I’m sad that I even need to write on this topic, but I feel I must. Ask any of my closest friends, and they will tell you I am a very patient, ‘long-suffering’ person, so if I am compelled to speak out about something it is only because I’ve been pushed too far.
As a person who spends a huge amount of time in libraries in several countries, I feel certain that I have noticed that there is trend – the lack of respect in libraries now. It is vital that libraries are quiet places where researchers can concentrate on their work. When I was growing up in the 1990s and 2000s, I never encountered this type of problem before. It was a given that in a library one would use a library voice. Even those who rarely picked up a book knew and respected this.
Now, in the “Look at Me” culture that seems to dominate, many people disregard basic courtesy and respect for other patrons. If anyone objects to this, they are ridiculed as being hoity-toity and old-fashioned. To highlight this, I tweeted about this yesterday, only to receive abuse from precisely those who would be loud and obnoxious in libraries.
What is to be done to combat this worrying trend? As I type, I am in a state-of-the-art library, containing an immense collection of extremely good books and there are adults jabbering away loudly on their mobiles, others are engaged in full volume (and long) conversations, schoolgirls screaming and running around like banshees, and one guy is listening to his music really loudly. I’m sitting here, unable to concentrate, despite having my (now mandatory) earplugs in. This would have been unthinkable twenty years ago.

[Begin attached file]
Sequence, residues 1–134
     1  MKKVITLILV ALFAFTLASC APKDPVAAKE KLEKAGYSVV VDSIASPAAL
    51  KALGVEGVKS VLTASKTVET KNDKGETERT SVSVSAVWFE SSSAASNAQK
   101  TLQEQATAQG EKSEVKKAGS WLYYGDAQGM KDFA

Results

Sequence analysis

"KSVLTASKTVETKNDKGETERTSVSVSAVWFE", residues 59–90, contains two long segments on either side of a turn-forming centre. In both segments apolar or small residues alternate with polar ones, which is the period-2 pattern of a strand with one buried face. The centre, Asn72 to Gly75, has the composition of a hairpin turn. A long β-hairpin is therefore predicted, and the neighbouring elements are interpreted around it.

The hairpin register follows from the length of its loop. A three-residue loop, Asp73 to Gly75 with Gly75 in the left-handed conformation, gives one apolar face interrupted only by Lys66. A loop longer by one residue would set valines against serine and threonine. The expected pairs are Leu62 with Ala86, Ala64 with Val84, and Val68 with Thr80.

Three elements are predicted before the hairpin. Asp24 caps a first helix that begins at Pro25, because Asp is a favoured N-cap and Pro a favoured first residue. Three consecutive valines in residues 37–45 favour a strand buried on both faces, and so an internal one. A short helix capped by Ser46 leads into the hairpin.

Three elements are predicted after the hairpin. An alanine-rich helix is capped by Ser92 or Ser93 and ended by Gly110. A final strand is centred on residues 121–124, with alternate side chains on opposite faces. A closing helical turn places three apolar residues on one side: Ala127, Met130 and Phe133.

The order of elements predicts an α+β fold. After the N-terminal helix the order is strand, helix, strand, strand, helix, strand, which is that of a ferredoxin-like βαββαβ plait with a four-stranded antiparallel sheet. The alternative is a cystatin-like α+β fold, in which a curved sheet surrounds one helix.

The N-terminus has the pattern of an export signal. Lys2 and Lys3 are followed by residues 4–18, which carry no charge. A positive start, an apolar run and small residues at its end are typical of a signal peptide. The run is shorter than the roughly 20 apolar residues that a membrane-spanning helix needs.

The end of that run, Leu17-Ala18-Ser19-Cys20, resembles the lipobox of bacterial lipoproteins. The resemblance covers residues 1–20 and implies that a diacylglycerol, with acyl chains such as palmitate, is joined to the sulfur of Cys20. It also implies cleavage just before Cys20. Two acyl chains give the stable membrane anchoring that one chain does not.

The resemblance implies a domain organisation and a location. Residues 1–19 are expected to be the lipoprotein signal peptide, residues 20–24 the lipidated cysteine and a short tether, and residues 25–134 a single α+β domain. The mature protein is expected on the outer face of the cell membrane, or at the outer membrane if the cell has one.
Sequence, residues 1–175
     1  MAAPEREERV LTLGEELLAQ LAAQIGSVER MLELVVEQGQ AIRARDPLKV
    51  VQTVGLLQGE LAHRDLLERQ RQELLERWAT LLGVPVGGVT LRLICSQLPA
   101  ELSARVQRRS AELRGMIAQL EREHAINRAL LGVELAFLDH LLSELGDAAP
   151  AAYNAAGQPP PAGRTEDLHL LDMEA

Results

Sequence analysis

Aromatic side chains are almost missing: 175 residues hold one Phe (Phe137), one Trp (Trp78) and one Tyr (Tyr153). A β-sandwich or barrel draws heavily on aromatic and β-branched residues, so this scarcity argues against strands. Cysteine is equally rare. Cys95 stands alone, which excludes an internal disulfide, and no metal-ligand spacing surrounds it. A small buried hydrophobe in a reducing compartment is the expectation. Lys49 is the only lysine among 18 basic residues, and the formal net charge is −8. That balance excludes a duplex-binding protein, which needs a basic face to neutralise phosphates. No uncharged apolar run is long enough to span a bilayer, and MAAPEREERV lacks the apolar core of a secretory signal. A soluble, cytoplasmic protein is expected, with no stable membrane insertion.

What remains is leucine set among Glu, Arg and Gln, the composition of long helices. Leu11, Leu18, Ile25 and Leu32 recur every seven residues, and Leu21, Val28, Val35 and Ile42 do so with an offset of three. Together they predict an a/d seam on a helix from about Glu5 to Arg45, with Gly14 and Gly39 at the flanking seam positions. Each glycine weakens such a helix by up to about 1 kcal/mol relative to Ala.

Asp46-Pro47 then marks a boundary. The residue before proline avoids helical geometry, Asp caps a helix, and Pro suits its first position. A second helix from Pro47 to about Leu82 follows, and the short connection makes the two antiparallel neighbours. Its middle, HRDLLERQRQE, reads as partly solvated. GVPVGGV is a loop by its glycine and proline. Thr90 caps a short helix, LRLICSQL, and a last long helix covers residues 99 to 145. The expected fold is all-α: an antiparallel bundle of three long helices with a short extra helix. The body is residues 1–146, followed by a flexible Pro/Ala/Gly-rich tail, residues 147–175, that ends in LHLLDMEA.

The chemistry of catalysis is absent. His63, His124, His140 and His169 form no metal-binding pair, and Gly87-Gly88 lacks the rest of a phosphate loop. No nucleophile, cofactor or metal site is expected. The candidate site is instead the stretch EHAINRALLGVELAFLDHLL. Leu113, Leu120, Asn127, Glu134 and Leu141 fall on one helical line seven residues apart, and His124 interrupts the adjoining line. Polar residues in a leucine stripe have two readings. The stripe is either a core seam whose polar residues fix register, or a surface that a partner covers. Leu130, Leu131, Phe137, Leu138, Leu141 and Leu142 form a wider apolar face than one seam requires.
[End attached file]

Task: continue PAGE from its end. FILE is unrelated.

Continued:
I’m not saying you cannot talk in a library, of course, all I want – and expect – in a library is for other people to be considerate of those around them. I wouldn’t dream of doing anything that would be bothersome to those around me, let alone talk at full volume.
I understand things are different now to what they were several years ago. I spoke to a librarian recently about this, and she was just as upset. ‘With the cutbacks and cheap books on Amazon, we’ve become more of a community centre instead of library.’ The computer keyboard at a previous library was coated in crumbs because some bright soul had decided to eat a sandwich on top of it. We used to not be able to eat in libraries at all. Another change.
I have observed that many people now simply do not have a reverence for books as I do, and as other book lovers do. Perhaps this accounts for their lack of respect? I know not everyone is a bibliophile, and I don’t expect everyone to be, but libraries used to be this special place where the bookish could retreat into a space of their own. Now the trendy folks are in there as well, on their iPhones and laptops because there is often free WIFI in libraries now. (I also use this, but I never have my music on so loud as to cause a nuisance to others!).
This may be a sweeping generalisation but it seems that some of the attention-seeking people have more of a love for themselves than for the books and knowledge that libraries are supposed to be for. I don’t know… I had some wonderful teachers in primary school who inculcated in me a reverence for books, and in that reverence, one was supposed to speak quietly. It’s all about respect.
I believe libraries are for everyone provided they are considerate to those around them and follow the basic rules of library etiquette!
So, if you truly appreciate the historical value of libraries, of learning, I beg you all to help change this. As a society, we can stop this issue of disrespect. Thank you for reading.